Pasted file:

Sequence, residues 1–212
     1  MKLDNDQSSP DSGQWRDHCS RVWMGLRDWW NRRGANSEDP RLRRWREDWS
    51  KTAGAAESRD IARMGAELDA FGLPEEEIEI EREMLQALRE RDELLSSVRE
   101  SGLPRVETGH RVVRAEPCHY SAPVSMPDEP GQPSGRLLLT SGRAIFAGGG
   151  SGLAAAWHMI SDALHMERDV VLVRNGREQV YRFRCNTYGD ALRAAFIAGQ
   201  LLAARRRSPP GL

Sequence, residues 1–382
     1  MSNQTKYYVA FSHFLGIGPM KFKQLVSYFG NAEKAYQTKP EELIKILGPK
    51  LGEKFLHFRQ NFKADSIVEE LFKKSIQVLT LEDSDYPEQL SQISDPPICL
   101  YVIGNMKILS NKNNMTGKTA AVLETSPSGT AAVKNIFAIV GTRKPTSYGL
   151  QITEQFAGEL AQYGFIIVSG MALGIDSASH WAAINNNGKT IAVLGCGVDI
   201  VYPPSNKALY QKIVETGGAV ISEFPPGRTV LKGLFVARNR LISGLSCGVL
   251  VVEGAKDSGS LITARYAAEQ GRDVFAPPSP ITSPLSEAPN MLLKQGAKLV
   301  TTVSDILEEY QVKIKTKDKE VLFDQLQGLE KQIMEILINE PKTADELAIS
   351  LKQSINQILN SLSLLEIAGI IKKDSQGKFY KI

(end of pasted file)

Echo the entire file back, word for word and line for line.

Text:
Sequence, residues 1–212
     1  MKLDNDQSSP DSGQWRDHCS RVWMGLRDWW NRRGANSEDP RLRRWREDWS
    51  KTAGAAESRD IARMGAELDA FGLPEEEIEI EREMLQALRE RDELLSSVRE
   101  SGLPRVETGH RVVRAEPCHY SAPVSMPDEP GQPSGRLLLT SGRAIFAGGG
   151  SGLAAAWHMI SDALHMERDV VLVRNGREQV YRFRCNTYGD ALRAAFIAGQ
   201  LLAARRRSPP GL

Sequence, residues 1–382
     1  MSNQTKYYVA FSHFLGIGPM KFKQLVSYFG NAEKAYQTKP EELIKILGPK
    51  LGEKFLHFRQ NFKADSIVEE LFKKSIQVLT LEDSDYPEQL SQISDPPICL
   101  YVIGNMKILS NKNNMTGKTA AVLETSPSGT AAVKNIFAIV GTRKPTSYGL
   151  QITEQFAGEL AQYGFIIVSG MALGIDSASH WAAINNNGKT IAVLGCGVDI
   201  VYPPSNKALY QKIVETGGAV ISEFPPGRTV LKGLFVARNR LISGLSCGVL
   251  VVEGAKDSGS LITARYAAEQ GRDVFAPPSP ITSPLSEAPN MLLKQGAKLV
   301  TTVSDILEEY QVKIKTKDKE VLFDQLQGLE KQIMEILINE PKTADELAIS
   351  LKQSINQILN SLSLLEIAGI IKKDSQGKFY KI